Religion & Beliefs
Blogging the Cleanse, #1: Why I Am Going To Fast For Six Days and Drink Nothing But Lemonade
What happens when a New York overachiever goes without food for a week, consuming only a concoction of lemonade and cayenne pepper, and venturing into the often wacko world of the holistic health subculture? Well, I — and you, reader … Read More
What happens when a New York overachiever goes without food for a week, consuming only a concoction of lemonade and cayenne pepper, and venturing into the often wacko world of the holistic health subculture?
Well, I — and you, reader — am going to find out. Today is the first day of my weeklong (six days really, on the seventh, after my labors, I will rest) "Master Cleanse," which I'm doing under the supervision of a holistic nutritionist based here in Manhattan. I'm already hungry as I write this. But the truth is, I'm excited. I travel a fair amount, but I'm primarily a tourist of my own body and mind. I love altered mind-states and body-states. I've run a marathon, sat a six-week-long silent meditation retreat, experienced "full body orgasm" at Body Electric, and ventured into a number of unusual states of consciousness. It's what I like to do, and I even wrote a book about it (God in Your Body: Kabbalah, Mindfulness, and Embodied Spiritual Practice, published a few months ago.) Obviously, this kind of play can easily get out of hand, and I'm careful not to let it, but at the end of the day it boils down to a simple question: with only a few decades of life, why restrict oneself to one narrow band of the range of human possibility?
And yet, somehow, whether because of my hyper-rational Jewish upbringing (Yale Law School! Yeshiva!) or just because I'm stubborn, I haven't (yet) succumbed to the sort of New Age weirdness one often meets in these byways of the spirit. Well, maybe I have sometimes. But I don't believe in crystal healing, or the Law of Attraction, or that angels are sitting on my shoulders. I didn't believe in "energy" until I experienced it myself, on multiple occasions. And who knows what I think about God.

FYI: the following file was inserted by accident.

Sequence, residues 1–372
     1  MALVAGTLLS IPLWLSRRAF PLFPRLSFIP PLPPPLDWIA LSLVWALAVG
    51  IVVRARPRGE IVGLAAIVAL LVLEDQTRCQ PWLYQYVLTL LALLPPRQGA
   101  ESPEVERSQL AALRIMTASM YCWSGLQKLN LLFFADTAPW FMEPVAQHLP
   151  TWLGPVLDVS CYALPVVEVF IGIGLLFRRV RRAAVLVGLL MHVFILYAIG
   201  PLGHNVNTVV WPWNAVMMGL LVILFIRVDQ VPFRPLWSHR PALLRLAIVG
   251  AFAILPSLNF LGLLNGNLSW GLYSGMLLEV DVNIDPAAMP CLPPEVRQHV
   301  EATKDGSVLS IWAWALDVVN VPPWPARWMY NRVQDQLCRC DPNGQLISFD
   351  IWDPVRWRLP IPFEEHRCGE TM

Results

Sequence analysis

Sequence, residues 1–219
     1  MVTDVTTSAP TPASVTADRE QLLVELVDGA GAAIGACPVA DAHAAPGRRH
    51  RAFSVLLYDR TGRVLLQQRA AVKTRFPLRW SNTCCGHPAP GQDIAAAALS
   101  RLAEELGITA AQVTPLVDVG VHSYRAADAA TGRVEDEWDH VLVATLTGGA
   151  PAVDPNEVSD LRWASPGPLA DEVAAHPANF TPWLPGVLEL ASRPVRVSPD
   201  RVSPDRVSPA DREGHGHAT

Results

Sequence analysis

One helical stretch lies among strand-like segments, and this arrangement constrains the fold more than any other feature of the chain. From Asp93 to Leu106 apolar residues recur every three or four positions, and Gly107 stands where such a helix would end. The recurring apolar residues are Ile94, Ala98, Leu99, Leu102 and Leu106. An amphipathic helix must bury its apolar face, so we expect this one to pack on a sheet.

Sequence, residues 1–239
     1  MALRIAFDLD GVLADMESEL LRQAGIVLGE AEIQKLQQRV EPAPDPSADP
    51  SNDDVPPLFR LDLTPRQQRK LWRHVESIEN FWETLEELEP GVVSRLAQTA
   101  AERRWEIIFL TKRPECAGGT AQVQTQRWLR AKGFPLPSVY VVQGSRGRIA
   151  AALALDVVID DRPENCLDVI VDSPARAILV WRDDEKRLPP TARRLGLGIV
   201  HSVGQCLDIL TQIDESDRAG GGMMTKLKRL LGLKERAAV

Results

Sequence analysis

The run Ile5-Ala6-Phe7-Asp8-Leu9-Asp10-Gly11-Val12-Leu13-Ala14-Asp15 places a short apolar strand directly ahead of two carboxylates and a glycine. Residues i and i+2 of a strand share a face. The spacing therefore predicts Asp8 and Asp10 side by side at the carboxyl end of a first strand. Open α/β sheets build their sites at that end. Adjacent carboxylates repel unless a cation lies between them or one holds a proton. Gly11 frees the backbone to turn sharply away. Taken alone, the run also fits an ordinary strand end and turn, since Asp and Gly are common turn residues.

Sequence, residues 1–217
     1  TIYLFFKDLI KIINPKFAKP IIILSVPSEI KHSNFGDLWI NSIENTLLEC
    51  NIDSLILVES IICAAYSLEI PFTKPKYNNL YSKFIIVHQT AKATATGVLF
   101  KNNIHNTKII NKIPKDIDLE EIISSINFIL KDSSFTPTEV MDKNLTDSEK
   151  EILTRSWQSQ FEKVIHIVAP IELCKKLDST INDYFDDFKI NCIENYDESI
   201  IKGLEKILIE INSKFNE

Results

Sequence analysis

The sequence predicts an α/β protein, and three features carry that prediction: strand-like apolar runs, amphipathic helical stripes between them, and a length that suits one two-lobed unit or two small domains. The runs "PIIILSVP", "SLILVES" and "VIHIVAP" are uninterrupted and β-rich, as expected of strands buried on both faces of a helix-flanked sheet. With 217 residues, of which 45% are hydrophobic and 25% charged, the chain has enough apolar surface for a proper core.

Maybe my skepticism is, itself, my motivation. I'm just so damn curious. Friends of mine have done cleanses, and I've spent time with them while they've done them, and I want to see what happens. What's it like? How does the mind shift after five days of near fasting? What happens to the body? Oh, and losing some weight and feeling rejuvenated for springtime wouldn't hurt either.
The whole process of my cleanse actually takes three weeks, and began just over a week ago. My nutritionist is not from the hard-core school. We've been working gradually, every couple of days taking a few things out of our diets, and putting a few things back in. For me, the first things out were caffeine, trans fats, and packaged, processed foods. (I really do like pop tarts, and sugary breakfast cereal too.) Then went alcohol, sugar, and meat, followed by dairy, heavily cooked foods, and anything with wheat. For the last couple of days, I've basically been on a raw foods diet, eating uncooked fruits and vegetables, plus the occasional steamed greens.
At the same time as we've taken foods out, we've put other foods in. In the last week, I've eaten more new things than in the last two years. Kombu and kuzu, flax seeds and millet, and of course, the Green Powder, a dehydrated concoction containing, the "Vibrant Health" box says, 18 billion probiotics from 8 different strains, and roughly 100 ingredients ranging from astralagus extract to Wild harvested Bladderwrack (sounds painful; I have no idea what it is, but I'm not making it up). The Green Powder gets the most stares — I was at a big, mainstream conference on "Inclusion in the Jewish Community" (in one of my careers, I direct a GLBT Jewish organization called Nehirim) last week and, when I dumped the large pile of green dust into my orange juice, the waitress at the hotel restaurant literally stopped in her tracks and stared at me until I took a sip of the algae-hued beverage. And for someone who is never a Food Fascist (you know, those vegan types who glare when there's no gluten-free pasta on the menu), I've had to rely on the patience of my friends at shabbat dinners and social gatherings.
But overall, the past week has really been… cleansing. I don't miss the foods I've given up, and have enjoyed learning about the new ones I've put in. Since my nutritionist is a "holistic" one, we're putting in not just actual foods but anything that nourishes us, including massage, going to a steam room, and scheduling more time to relax — it's been like a mini-vacation. And after a week of eating lots of greens and no toxins, I do actually feel less tired, and my skin looks better. I went for a run yesterday, and felt lighter than usual.
Of course, all this could be psychosomatic. And although cleaning out the digestive tract is, in general, a good thing, there isn't hard scientific data that the Master Cleanse has any major benefit — just a lot of anecdotes. Well, here's one anecdote more, recorded as it happens. I'm now going to walk into the kitchen, squeeze some lemons, and make my first Master Cleanse lemonade. Back in a moment…
Hmm — not bad. 2 tablespoons of lemon juice (I'm borrowing a friend's juicer), 1/2 a tablespoon of maple syrup, and 1/10 of a teaspoon of cayenne pepper, mixed into 8 ounces of water. I'm sure I'll be sick of this soon, since I'm to drink this, and only this, 8-12 times per day for the next six days. It's spicy — a tenth of a teaspoon of cayenne sure goes a long way. I wonder if I can cheat and put in extra maple syrup.
See you tomorrow!